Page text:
Healthy knees require continuous motion. However, our generally sedentary lifestyles are at odds with the maintenance of robust knee joint architecture. Left motionless throughout large portions o ...View Article
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Much has been written about these topics lately. What is wellness? To some it is an absence of pain. To others it’s running five miles a day. For others it’s eating five servings of fruits and vegetables each day. These could all be good goals for someone’s wellness plan, but to me wellness is much more.
Wellness is a balance and harmony of the body, mind, and spirit utilizing the six essentials of health and wellness and daily living, which are: 1) What you eat; 2) What you drink; 3) How you exercise; 4) How you rest; 5) How you breathe; and 6) What you think.Of these, what you think is the most important because it dictates your decisions and behaviors concerning the other five essentials.
This balance and harmony will change in your lifetime through the aging process. It’s important that you know that there is not one diet that fits all people. A diet that is good for one person, that facilitates good health and longevity could cause another person to develop cancer, heart disease, diabetes, or autoimmune disease.
There are now tests that can map your genetic predisposition to develop certain problems. This genetic expression (epigenetics) however is triggered by your lifestyle, what you are eating and drinking or not eating and drinking. Your blood type and ancestry may play a role. For me personally, I do better on what I call the Caveman Diet and caveman-like activities. I do best when I eat small amounts of lean meats, fish, lots of vegetables, a little fruit, a few nuts and seeds. I do better avoiding grains and dairy. I function better when I perform weight bearing exercises, which causes me to sweat profusely and increases my heart rate. For others, they may do better with a different percentage of carbohydrates and fats and doing yoga or Tai Chi.( I like these too!)
There are many commonalities however. We need a source of good protein and we need to eat colorful, fiber/nutrient dense foods. We need the right kind of oils in our diet. We need whole foods. We need real food. It is a shame but a fact that more Americans will go to bed tonight that have not eaten a fruit or vegetable than Americans who have. We have hundreds of thousands of chemicals today that were not in existence 100 years ago. If you want to be well and flourish, you need real live food every day and pure water. We need to sleep soundly 7 to 8 hours a night, give or take. When we sleep well, our bodies are busy producing hormones and chemicals. (It’s our own pharmacy to help the body heal, repair and mend.) We need to move. We’re designed for motion; not sitting. We need to move every day.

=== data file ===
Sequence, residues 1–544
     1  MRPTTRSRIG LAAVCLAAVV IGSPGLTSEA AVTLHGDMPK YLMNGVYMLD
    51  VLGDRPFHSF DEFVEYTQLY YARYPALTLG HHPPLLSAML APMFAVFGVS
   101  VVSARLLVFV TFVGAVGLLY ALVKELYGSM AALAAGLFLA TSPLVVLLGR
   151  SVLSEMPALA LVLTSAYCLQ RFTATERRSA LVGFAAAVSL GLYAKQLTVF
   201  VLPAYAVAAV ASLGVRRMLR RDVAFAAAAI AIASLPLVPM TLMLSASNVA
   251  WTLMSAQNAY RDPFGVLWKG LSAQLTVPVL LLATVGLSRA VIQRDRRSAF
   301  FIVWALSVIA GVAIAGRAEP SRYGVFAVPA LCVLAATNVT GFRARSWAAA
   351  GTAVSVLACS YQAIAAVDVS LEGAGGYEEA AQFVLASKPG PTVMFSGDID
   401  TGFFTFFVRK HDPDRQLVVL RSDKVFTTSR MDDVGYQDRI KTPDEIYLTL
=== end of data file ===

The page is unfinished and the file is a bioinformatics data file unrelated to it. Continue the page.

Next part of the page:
It is amazing to me how many people do not know how to breathe properly or never fully expand their lungs. Your lungs are like a balloon and your diaphragm is the air pump. Place the palm of your hand over your upper abdomen at the lower part of your ribs. Take in a deep breath. Your hand should move away from your body. Exhale deeply, your hand should move toward your spine. It should be moving a couple of inches. If it’s not, you have a serious problem and you need to get it fixed now.
Besides the environmental challenges we face of what is being put in our food, water and air supply, the most important factor in our wellness is what we think. The chemicals our bodies produce are exactly the same and there’s no differentiation between what we are actually experiencing — seeing with our own eyes, hearing with our own ears, feeling with our own hands, feet, and body, smelling with our nose, etc. — and what we imagine; what we are thinking between our ears. Our thoughts produce chemical changes in our bodies instantaneously 24/7. Are your thoughts a help or a hindrance to your wellness? For more information on this, see our Turn on Your Brain, Carolyn Leaf.